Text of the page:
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Russia may restrict flower imports

The candidate for the position of Russia's Minister of Agriculture, Oksana Lut, announced the potential restriction of flower imports from 'unfriendly' countries'. According to her, the ministry, in collaboration with the Ministry of Economic Development, is considering customs and tariff regulations to reduce flower imports and encourage domestic production.

Lut emphasized that Russian flower growers will be provided with support measures, including preferential loans for the long-term construction of greenhouses. This initiative aims to reduce the dependence on imported flowers, which currently account for 82 percent of the Russian flower market.

Armenia as an alternative to European suppliers
Vera Azarova, co-owner of the decor and floristry studio 'Elements of Beauty', stated that Armenia could replace European flower suppliers in the Russian market. Armenian roses, carnations, and alstroemeria are considered to be of high quality, and their transportation costs are lower due to the geographical proximity to Russia. Azarova noted that while Armenian roses may not be as durable as those from Ecuador or Kenya, they are certainly on par with Russian-grown flowers.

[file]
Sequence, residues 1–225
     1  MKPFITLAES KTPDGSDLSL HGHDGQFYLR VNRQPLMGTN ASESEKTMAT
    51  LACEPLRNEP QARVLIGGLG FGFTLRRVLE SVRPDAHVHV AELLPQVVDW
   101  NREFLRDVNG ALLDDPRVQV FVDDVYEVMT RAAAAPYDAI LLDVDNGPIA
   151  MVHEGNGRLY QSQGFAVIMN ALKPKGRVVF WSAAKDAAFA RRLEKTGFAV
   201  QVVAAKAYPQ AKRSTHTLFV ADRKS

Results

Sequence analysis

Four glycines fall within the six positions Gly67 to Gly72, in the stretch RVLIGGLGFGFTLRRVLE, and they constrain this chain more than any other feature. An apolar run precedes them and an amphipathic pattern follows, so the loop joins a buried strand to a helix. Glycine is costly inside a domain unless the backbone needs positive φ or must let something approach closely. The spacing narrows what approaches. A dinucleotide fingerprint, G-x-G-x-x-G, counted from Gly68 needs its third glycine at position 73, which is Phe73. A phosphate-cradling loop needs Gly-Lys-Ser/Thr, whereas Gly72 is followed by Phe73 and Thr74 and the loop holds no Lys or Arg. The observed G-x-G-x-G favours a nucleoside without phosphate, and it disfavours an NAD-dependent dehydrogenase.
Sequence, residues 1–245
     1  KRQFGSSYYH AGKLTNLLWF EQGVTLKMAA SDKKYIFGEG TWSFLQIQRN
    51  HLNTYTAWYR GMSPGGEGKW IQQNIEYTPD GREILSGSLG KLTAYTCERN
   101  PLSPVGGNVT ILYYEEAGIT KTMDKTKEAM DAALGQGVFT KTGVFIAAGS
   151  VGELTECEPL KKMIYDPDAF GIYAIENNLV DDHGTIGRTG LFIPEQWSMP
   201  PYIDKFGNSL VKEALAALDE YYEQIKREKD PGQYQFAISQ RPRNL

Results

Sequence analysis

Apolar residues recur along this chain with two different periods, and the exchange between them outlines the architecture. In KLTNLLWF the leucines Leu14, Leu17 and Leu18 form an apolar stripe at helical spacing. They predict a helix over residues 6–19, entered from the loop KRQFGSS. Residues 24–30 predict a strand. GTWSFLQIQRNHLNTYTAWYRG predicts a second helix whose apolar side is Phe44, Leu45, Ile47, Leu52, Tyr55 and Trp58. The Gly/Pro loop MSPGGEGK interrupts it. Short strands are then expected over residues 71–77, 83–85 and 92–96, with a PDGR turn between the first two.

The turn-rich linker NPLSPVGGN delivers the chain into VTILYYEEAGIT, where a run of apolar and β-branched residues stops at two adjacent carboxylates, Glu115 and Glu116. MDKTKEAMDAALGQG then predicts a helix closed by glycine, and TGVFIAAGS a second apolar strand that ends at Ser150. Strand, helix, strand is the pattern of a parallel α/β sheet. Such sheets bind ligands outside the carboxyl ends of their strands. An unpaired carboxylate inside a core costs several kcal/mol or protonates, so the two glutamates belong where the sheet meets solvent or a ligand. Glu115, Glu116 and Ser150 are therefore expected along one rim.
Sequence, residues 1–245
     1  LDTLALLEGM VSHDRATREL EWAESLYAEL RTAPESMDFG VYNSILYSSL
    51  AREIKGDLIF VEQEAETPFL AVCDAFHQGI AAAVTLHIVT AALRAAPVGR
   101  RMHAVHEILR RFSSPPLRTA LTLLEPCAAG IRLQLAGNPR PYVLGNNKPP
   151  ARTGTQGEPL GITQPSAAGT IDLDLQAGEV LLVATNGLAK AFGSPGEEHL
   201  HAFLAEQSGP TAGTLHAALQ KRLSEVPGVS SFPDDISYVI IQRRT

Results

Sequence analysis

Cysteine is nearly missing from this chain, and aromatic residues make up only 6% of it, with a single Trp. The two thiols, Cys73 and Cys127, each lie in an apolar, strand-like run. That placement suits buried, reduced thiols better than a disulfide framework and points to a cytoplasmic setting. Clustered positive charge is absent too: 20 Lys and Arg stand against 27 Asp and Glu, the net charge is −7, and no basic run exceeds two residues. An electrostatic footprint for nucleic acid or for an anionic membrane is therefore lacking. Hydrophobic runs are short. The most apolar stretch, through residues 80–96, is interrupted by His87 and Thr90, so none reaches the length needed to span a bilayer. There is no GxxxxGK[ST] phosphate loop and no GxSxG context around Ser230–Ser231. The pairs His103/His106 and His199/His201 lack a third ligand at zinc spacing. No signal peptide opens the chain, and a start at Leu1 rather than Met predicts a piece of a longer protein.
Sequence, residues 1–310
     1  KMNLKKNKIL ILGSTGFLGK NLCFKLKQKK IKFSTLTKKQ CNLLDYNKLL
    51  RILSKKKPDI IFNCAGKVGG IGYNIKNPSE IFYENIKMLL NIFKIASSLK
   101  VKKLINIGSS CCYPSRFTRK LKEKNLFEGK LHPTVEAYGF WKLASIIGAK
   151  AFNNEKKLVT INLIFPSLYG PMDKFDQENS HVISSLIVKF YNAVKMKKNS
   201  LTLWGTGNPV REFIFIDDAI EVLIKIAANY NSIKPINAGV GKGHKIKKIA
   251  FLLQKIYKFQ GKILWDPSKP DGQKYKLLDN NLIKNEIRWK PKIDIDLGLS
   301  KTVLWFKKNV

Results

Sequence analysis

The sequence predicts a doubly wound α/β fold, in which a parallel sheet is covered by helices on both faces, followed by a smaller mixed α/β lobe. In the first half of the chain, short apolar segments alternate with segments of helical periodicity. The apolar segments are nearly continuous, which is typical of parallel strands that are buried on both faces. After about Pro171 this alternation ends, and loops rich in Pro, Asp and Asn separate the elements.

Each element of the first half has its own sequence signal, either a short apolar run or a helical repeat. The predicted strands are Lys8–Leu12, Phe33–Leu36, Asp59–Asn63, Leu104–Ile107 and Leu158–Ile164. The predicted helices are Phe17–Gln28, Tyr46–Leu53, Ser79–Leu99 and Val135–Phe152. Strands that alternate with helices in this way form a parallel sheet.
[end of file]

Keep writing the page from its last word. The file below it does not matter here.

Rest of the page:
Strengthening measures against imported flowers
In February 2024, Russia banned the import of Ecuadorian carnations from European Union countries such as the Netherlands, Germany, Latvia, and Lithuania, citing the detection of pests in the plants. In March, import duties on flowers were raised, marking another step towards limiting imports.

Barter trade: flowers for oil
Communist deputy Sergey Gavrilov proposed the idea of exchanging flowers from 'friendly countries' for Russian oil. He believes that flowers such as tulips, roses, daffodils, and hyacinths from Kenya, Ecuador, and Colombia are of comparable quality to Dutch flowers. Gavrilov suggests that barter trade would allow Russia to obtain these flowers in significant quantities. He speculated that Russia could trade irises and carnations for oil with countries like Turkey, Israel, or Spain.

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